The two committees would become the pillars of ILO’s supervisory system.
The Committee of Experts is an independent body made up of jurists appointed by ILO’s Governing Body. Its mission is to examine the application of ILO conventions and recommendations by the Member States. The experts come from different geographical regions, legal systems and cultures. The Committee meets each year in November and December. Its task is to indicate to what extent the legislation and practice of each Member State conform to the conventions it has ratified and to what degree the Member State discharges the obligations incumbent on it by virtue of the ILO Constitution. In accomplishing that task, the Committee adheres to the principles of independence, objectivity and impartiality.
The Conference Committee on the Application of Standards is one of the ILC’s standing committees. It is tripartite and as such comprises government, employer and worker representatives. At each session, the Committee elects a bureau made up of a chairperson (a government member), two vice-chairpersons (employer member and worker member) and a rapporteur (government member). The Committee meets ever year during the June session of the ILC. Its deliberations focus on:
“This fundamental convention prohibits all forms of forced or compulsory labour […] Exceptions are provided for work required by compulsory military service, normal civic obligations, as a consequence of a conviction in a court of law […], in cases of emergency, and for minor communal services performed by the members of a community in the direct interest of the community. The convention also requires that the illegal extraction of forced or compulsory labour be punishable as a penal offence, and that ratifying states ensure that the relevant penalties imposed by law are adequate and strictly enforced.” (See Rules of the game: a brief introduction to international labour standards, p. 35)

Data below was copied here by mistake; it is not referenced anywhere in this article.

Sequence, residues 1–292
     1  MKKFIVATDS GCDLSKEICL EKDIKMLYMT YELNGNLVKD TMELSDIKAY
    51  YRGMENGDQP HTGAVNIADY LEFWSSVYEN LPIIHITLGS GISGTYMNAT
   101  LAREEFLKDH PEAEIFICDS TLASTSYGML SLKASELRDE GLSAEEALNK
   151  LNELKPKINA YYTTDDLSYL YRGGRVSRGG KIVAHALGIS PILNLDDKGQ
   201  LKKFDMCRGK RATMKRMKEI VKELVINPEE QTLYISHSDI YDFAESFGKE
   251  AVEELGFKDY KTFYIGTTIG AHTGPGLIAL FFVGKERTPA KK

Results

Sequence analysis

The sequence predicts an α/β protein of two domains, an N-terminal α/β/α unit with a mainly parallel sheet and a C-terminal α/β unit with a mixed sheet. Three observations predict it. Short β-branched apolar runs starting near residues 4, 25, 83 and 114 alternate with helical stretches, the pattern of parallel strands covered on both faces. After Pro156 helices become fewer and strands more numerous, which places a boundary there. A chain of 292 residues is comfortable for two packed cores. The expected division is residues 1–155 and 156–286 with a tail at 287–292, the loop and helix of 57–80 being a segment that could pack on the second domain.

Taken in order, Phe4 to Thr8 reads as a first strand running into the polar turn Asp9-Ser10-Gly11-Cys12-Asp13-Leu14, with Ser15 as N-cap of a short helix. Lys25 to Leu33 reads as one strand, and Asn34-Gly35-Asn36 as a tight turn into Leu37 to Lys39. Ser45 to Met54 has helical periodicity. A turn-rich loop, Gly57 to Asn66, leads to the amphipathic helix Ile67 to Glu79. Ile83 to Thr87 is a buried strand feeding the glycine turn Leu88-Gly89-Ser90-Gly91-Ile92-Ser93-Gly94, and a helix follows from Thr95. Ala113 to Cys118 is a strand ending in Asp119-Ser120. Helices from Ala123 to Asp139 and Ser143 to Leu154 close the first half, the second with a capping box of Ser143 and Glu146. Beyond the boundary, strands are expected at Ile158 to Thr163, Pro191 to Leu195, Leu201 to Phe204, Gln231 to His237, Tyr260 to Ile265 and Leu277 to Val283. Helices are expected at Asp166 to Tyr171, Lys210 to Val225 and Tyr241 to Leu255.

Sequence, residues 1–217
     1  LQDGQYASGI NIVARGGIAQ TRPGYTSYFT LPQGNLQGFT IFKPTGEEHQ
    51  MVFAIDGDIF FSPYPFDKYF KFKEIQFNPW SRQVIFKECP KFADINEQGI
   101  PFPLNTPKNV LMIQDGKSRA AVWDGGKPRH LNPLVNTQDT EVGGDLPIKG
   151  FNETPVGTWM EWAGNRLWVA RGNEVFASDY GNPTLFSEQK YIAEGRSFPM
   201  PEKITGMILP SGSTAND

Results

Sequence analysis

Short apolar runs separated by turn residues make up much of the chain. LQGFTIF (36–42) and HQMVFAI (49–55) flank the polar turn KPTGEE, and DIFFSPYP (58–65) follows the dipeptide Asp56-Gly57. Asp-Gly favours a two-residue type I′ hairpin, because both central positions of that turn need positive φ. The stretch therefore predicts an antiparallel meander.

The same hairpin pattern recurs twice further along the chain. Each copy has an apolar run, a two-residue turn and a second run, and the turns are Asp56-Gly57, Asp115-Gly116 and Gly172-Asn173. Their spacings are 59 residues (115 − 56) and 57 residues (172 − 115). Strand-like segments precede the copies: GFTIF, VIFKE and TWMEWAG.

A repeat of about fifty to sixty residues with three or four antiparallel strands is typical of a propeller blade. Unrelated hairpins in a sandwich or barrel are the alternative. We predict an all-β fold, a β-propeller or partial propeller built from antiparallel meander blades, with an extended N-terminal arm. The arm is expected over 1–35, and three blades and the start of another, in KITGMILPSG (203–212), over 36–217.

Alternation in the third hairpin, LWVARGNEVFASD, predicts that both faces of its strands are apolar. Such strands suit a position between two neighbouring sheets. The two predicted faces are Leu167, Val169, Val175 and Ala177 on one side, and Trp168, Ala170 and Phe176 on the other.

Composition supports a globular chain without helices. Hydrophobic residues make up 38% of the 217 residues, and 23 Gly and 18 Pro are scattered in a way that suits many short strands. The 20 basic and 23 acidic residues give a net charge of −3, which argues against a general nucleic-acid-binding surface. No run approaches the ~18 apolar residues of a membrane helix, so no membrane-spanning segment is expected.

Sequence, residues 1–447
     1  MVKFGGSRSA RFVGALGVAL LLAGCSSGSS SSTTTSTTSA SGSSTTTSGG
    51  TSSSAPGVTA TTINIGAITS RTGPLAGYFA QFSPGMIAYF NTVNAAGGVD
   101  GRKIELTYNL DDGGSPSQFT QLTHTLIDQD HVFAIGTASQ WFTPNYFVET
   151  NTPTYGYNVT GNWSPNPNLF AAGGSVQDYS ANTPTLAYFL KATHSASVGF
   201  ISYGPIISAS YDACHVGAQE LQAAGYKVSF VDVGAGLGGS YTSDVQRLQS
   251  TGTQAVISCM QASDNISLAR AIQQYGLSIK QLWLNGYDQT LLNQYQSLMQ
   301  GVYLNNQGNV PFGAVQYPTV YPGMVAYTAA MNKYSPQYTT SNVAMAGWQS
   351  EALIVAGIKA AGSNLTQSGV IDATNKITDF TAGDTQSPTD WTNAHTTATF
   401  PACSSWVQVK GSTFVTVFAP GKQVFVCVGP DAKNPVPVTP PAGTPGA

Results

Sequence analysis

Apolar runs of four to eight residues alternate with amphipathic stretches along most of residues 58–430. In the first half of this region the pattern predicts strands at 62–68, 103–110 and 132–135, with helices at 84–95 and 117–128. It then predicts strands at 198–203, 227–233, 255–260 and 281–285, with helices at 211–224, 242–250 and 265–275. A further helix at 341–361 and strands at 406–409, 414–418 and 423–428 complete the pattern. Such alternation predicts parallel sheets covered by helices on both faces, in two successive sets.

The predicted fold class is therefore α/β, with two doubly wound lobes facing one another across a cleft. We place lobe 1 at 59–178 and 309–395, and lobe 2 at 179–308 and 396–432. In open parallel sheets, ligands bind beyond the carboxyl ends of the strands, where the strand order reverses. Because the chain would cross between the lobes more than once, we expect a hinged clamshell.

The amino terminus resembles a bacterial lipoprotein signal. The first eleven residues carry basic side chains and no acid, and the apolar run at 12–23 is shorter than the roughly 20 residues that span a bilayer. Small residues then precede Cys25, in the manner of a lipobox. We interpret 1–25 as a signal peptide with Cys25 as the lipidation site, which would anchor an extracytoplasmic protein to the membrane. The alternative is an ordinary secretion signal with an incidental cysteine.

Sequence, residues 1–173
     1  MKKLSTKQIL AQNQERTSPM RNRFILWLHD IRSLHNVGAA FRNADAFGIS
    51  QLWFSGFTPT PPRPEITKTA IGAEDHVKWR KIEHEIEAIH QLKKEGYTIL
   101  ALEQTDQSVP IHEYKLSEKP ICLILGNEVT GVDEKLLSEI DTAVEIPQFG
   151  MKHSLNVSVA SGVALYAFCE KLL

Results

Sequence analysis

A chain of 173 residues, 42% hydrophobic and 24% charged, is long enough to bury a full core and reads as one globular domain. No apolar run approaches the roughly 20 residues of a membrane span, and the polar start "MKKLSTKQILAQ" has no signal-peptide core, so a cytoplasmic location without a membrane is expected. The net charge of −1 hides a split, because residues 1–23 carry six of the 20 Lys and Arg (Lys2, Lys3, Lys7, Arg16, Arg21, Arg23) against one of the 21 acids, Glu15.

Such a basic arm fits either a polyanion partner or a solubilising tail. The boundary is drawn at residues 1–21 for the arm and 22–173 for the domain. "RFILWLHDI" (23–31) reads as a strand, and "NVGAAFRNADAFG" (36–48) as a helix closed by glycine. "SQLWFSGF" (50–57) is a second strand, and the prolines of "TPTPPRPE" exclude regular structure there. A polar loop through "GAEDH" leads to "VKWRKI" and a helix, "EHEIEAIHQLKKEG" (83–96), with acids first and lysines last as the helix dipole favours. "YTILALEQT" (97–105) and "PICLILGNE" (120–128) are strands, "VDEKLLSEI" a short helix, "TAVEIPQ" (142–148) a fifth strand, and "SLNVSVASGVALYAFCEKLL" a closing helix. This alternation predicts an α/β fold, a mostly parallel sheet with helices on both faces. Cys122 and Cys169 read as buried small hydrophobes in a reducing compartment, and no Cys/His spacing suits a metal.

(Photo: Committee on Forced Labour, Geneva, May 1953. From left to right: Dag Hammarskjold (United Nations Secretary-General), Sir Ramaswami Mudaliar (Chairperson), David A. Morse (ILO Director-General) and Enrique Garcia-Sayan (former Minister for Foreign Affairs of Peru))
In addition to discharging its missions relating to international labour law and documentation, ILO developed concrete activities in the member countries. Indeed, the problem of adapting the international labour conventions to local and regional conditions arose as early as 1919. This development, which was defined by the term “regionalization”, saw the gradual establishment of regional conferences and of a network of branch offices and national correspondents.
The first regional conference of Member States was organized in 1936, the aim being to examine problems of particular interest in a given region. The Santiago Conference adopted 26 resolutions relating to social security and working conditions in countries in the Americas. Numerous points were discussed, including:
This first regional conference was an undeniable success and genuinely helped strengthen ILO's universal character.
(Photo: ILO staff at the opening session of the First Labour Conference of American States, 1936.)